Greece Before The Elections

Greece is heading to a general election deeply divided in an extremely polarized climate.

greece-electionPolls show a clear lead of the leftist party Syriza, a fact that causes unrest in Germany. The prospect of a “third way” has led to an unprecedented direct involvement of EU and German officials in Greek politics, a fact not appreciated by the Greek electorate. The suggestion that we “do not want to talk to new faces after the election” is more than indicative of the intrusion of a number of officials into the Greek public sphere.

In terms of the expected outcome a number of distinctive criteria may be used to explain the behavior of the Greek electorate. These bear different semantics and may be attributed to a number of factors. First, the troika has exhausted the political capital of the current government. Eventually IMF officials acknowledged in 2013 that they have made mistakes but suggested that the same pattern of structural changes should continue. The bailout program offers no guarantee for success as it has drained what is left from the Greek economy.

The political crisis in Greece did not come out of the blue.

Yet, in the current phase it took the form of a choice between fear and hope. Actually these are the two conceptual tools of the main political rivals in Greece. Operationally the insistence of the troika along with the German leadership austerity-driven obsession in moving on with a policy of exemplary punishment has broken the link between Greek leadership and collectivity. The measures of unsustainable austerity imposed to a developed country have turned a developed into a developing state in a record time.

In a multilevel political-economic and social perspective this has been a negative historical event not appreciated by a wider European public who are only able to see the tree but miss the forest under the impact of simplified, aphoristic evaluations made by certain European political leaders.

The means used to impose the austerity straight jacket were externalized mainly, if not exclusively, in the form of fear. Terrorizing the public opinion has been a sine qua non of all efforts to manipulate a public facing a humanitarian crisis. 1.5 million unemployed, unemployment at almost 27 percent and youth unemployment at more than 57 percent and a dramatic decline of GDP constitute ample evidence of a failed strategy imposed through austerity measures.

Many suggest that German leadership simply needed a scarecrow to tell others (i.e. Italy, France, Ireland, Spain, Portugal) what they should not do to avoid the fate of Greece. This is what I call “Protestant politics,” an ordeal for the sinners. Yet, the ontological question is whether they wish to restructure the country’s economy and get a refund or drive it to its socio-political and economic limits.

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All along the crisis Angela Merkel has insisted on a “take it or leave it” policy. This is part of a mutation strategy that goes beyond any European standard of solidarity or common future. It was only after the intervention of President Obama that German leadership was persuaded not to insist on this policy. Yet, the threat of imposing a Greek exit was always there in Berlin to be used as a weapon of mass socioeconomic destruction.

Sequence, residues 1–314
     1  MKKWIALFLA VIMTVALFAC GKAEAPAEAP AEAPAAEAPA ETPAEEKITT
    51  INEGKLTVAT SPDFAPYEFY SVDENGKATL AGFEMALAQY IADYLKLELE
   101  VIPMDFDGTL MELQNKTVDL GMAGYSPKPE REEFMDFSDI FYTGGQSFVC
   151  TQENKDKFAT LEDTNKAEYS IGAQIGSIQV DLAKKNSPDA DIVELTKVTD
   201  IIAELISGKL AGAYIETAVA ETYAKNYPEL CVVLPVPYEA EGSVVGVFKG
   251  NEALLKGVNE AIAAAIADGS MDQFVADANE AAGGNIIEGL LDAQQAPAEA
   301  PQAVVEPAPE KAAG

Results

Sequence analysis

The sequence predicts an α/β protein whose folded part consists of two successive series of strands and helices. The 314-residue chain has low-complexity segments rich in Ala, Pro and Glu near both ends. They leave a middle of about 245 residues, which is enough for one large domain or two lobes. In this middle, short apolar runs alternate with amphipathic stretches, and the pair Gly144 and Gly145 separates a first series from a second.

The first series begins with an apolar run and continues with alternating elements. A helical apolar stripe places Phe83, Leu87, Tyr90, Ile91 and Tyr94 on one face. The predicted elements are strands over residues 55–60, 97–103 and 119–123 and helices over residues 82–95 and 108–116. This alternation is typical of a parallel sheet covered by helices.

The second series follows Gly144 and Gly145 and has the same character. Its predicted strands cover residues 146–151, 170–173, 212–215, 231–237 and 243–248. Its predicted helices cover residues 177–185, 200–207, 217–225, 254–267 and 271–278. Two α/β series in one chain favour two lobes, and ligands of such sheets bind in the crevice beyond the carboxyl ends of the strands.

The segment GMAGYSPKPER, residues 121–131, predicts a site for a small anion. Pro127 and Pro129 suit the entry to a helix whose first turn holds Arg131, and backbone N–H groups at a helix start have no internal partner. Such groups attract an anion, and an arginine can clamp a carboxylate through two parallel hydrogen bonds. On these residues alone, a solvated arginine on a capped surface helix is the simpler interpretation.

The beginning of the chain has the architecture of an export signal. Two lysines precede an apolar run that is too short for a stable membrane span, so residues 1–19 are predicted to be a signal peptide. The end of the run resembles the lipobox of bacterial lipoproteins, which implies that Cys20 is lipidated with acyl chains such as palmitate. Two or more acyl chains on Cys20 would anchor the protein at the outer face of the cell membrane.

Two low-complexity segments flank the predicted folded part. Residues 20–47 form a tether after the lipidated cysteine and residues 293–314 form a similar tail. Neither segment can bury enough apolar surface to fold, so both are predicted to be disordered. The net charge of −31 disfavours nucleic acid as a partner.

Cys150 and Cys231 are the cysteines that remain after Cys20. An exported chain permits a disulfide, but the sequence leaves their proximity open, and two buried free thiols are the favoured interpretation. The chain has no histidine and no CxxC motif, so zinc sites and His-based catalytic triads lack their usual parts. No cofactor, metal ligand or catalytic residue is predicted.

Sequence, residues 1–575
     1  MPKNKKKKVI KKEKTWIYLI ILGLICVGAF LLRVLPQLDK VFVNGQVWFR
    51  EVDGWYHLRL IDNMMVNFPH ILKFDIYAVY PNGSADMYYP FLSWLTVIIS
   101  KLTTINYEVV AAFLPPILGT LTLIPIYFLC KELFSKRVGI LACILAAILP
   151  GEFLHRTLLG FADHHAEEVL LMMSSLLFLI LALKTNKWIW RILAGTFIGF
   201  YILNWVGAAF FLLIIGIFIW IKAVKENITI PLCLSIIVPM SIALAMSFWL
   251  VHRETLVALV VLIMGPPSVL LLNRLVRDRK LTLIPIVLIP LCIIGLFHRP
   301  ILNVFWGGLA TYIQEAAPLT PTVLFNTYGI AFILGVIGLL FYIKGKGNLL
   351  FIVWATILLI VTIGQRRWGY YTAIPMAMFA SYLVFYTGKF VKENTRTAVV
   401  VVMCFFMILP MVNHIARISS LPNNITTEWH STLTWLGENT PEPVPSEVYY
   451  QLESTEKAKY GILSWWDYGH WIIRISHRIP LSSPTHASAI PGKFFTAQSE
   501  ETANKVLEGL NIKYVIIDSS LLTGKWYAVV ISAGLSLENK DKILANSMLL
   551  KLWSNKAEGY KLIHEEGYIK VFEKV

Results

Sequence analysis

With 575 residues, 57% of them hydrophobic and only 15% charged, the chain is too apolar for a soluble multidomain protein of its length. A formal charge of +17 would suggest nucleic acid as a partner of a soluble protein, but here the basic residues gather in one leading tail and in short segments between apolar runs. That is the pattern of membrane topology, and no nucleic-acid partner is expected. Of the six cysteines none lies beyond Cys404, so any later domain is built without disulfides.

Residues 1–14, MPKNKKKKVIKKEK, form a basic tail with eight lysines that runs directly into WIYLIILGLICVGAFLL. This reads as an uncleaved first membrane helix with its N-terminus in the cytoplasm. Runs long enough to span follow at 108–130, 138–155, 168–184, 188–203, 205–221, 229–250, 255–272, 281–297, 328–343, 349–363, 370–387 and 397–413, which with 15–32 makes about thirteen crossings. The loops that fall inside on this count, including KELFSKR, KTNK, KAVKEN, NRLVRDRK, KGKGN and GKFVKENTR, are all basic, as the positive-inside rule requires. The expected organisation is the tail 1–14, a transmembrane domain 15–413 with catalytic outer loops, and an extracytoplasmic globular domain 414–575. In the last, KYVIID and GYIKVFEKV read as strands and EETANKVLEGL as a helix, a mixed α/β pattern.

In terms of real economy austerity has paralyzed the economy to a non-reversable degree.

This is not what happened elsewhere. As Joseph Stiglitz suggested “the US introduced the smallest dose of austerity, and it has enjoyed the best economic performance.” The intensity of austerity, the imposition of restrictive policies as well as the lack of any development policies drove the country to a point of no return. Actually, the way austerity measures were introduced seriously questioned the motives of the debtors, their credibility as economists and their operational plan to save the country.

The fact that German leadership did not offer Greek Prime Minister Antonis Samaras any carrot to bring home illustrated that he was used as an expendable ally. Today’s crisis is the result of imposing an economic absolutism that goes beyond the canons of European values. The Greek bailout program has buried central elements of the European acquis and European law as introduced by the treaties, a fact officially acknowledged in the European Parliament. Greece is an exception to the European Charter of Fundamental Rights, a fact that sets the electorate questions of survival.

The coming elections will define not only the future of Greece but also the prospects for the EU in the decades to come. Thucydides was clear about the ability of the strong to impose their will on the weak. Yet, nominally the EU meant to be the organizational milieu of Robert Schuman and Jean Monnet.

German-inspired policies have heavily affected democracy and constitutional order in the country. The implied choice between euro or democracy is a historical and sets issues concerning the future of the EU. Will it remain a union of free states or will it transform itself into a regime?

George Voskopoulos is Associate Professor of European Studies, University of Macedonia, Thessaloniki, Greece. Read other articles by George.